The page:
See https://www.youtube.com/watch?v=nLVoSdg_AE8

          2. Please elaborate about this naval squadron, cite a source and try and guess how effective an action it would have been: like Britain and France holding up their end of the bargain in 1956? Like the US enforcing the ban on AA missiles near the Suez canal after 1970? Like the 1995 pledge to maintain the Ukraine’s territorial integrity these days? Like Rabin’s promise from 1993 that if 40,000 rifles handed to the PLO started shooting at Israelis that we’d just recall them, in 2000?

          3. @ Yuval: A word of warning to Yuval & others–when he wanders far off the reservation as he has here, please do not humor him by leading yourself and others on a similar journey. We’re not refighting the 1967 War here. I warn you, Yuval, future off topic comments will be deleted. Your next off topic comment will lead to moderation.

          4. @ Yuval: Whoa buster. Again, you go read the comment rules right now before you type another keystroke into your keyboard. If you use that language again here one more time you’re moderated.

            Israel had no causus belli to begin the 6 Day War. It planned to launch a war and knew it needed to launch a pre-emptive attack to diable the Egyptian air force. This was a war of aggression as every other Israeli war has been except 1973.

            Again, the comment rules make very clear that the comment threads are not the place to refight the battles of Zionist history. If that’s what you need, you’ll have to go elsewhere for that. Keep your comments very carefully on topic. Go off topic and you’re again violating rules that are there for a very good reason.

      2. @Yuval: It appears our Israeli friends need a bit of tutoring in the ways of the parts of the world not under their direct control (that is, everything outside its little corner of the Mideast). Israel’s annexation of the Golan is illegal & unrecognized. Israel does not own the Golan. It is conquered & disputed territory. It has no territorial sovereignty there aside from its own unaccepted claims.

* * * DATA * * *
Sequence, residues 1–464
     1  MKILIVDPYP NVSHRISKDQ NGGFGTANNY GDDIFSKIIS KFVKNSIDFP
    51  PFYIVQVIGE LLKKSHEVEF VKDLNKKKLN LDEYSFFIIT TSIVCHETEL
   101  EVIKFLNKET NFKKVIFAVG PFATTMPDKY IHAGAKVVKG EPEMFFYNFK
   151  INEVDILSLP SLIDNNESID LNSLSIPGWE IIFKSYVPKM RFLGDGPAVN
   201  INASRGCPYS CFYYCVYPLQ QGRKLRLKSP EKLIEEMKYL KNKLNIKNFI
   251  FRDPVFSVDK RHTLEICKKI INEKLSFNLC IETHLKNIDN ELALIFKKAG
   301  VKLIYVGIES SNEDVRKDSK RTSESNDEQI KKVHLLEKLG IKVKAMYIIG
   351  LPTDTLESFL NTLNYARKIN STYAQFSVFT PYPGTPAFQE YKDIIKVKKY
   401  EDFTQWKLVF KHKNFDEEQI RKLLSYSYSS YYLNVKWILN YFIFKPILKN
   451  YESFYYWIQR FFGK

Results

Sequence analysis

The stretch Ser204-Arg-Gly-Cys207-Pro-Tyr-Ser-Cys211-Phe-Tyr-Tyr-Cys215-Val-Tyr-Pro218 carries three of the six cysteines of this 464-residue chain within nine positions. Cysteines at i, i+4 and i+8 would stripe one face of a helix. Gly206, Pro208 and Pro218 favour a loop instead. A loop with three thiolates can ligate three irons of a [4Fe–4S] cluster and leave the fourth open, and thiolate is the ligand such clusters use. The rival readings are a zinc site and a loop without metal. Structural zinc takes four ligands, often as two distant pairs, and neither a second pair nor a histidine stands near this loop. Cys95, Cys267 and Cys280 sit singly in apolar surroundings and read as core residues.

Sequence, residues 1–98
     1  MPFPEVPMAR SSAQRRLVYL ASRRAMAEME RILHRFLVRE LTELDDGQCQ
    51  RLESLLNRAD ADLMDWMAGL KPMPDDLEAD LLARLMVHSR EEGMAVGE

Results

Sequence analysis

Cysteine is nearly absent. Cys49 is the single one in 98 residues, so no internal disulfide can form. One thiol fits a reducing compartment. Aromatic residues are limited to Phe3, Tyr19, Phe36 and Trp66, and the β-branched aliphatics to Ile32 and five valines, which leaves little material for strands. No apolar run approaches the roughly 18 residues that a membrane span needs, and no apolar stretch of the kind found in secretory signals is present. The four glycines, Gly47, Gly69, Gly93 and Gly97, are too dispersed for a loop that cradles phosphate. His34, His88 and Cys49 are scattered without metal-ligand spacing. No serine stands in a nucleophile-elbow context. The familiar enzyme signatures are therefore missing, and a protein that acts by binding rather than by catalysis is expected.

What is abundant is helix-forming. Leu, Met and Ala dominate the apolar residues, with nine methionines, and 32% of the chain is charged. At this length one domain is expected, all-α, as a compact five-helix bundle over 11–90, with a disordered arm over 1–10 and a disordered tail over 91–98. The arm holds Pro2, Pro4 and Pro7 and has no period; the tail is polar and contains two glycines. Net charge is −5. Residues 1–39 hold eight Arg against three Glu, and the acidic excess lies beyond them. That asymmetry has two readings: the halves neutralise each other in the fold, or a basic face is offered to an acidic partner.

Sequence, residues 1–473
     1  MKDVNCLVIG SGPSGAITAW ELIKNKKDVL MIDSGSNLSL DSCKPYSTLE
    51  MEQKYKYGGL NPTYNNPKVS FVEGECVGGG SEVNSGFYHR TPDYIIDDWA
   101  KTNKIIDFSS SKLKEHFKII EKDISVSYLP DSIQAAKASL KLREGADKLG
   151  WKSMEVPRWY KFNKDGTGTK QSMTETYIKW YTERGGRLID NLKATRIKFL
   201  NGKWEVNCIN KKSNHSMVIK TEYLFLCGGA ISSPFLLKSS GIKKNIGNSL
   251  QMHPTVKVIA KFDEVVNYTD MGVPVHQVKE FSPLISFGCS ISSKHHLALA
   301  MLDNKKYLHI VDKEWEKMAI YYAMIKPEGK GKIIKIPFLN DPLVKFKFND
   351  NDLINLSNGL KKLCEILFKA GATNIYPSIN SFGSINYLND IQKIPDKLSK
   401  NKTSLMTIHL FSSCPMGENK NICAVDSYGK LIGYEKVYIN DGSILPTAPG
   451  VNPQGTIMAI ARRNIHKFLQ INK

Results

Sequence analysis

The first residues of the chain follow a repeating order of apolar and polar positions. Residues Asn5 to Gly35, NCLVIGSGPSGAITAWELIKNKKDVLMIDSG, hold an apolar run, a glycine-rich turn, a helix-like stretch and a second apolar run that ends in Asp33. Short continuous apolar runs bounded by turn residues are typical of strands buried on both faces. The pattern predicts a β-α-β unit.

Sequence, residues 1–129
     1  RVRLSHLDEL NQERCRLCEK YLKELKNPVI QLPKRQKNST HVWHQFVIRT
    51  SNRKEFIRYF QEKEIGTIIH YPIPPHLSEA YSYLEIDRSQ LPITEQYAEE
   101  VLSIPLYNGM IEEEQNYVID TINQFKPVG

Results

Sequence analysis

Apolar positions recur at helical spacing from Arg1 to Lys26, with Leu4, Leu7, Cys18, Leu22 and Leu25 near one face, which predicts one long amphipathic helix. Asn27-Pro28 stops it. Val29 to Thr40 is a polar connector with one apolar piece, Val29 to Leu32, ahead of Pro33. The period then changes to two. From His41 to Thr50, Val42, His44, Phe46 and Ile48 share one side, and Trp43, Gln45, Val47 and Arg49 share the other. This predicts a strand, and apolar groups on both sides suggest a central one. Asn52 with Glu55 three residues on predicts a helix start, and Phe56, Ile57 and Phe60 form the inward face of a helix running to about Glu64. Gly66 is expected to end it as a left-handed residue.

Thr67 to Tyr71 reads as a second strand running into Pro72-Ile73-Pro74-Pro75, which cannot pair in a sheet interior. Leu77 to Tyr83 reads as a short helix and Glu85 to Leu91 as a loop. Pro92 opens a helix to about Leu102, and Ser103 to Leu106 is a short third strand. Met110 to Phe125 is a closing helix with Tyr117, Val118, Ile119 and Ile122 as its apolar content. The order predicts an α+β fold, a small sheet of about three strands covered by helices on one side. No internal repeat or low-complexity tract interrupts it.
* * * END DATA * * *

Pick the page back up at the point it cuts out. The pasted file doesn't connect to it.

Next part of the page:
Even Israel accepts this tacitly because 2 prime ministers have come very close to returning the Golan to its rightful Syrian owners & any future peace agreement will do that.

        Yuval knows this as well whether he accepts it or not.

        Further, it doesn’t matter how a conquering nation attains territory whether its a defensive, offensive, or otherwise war. Conquered territory is just that and under international law no state may unilaterally declare it owns such land. Israel can do or say whatever it wishes but wishing won’t make it so in the eyes of the rest of the world. And contrary to the Israeli belief system, what the rest of the world says & believes does matter.

        And you watch your characterizations of the contributions of other commenters. That violates the comment rules.

        I see you have commented serially & multiple times today. Do not monopolize the comment threads. Please restrain your number of comments to no more than 3 per day as the comment rules indicate.

      1. The cost of Israel to everyone including Jews and Judaism is so enormous now that nothing positive about the country could possibly offset even a small bit of these huge costs. A Jewish State was never worth the high price paid. And the costs keep rising as Zionism clings to its fantasy.

        1. Fred
          “Israel is today the most dangerous place in the world for Jews. Since its establishment, more Jews were hurt in wars and terror attacks that took place in Israel than anywhere else. The war in Gaza took this one step backward – it endangered world Jews as well, as no other war has before it. The Jewish home, the national refuge, not only doesn’t provide refuge, but even threatens Jews everywhere else. When you tote up the results of the war, include that too in the loss column.
          A wave of animosity is washing over world public opinion. In contrast to the complacent, blind, smug Israeli public opinion, people abroad saw the pictures in Gaza and were aghast. No conscientious person could have remained unaffected. The shock was translated into hatred toward the state that did all that, and in extreme cases the hatred also awakened anti-Semitism from its lair. Yes, there is anti-Semitism in the world, even in the 21st century, and Israel has fueled it. Israel provided it with abundant excuses for hatred.”
          Read more:

          1. While I see the general sense in equating having to read a Gideon Levy quote with the Holocaust, I think you’re being a little hard on him.

          2. @Arie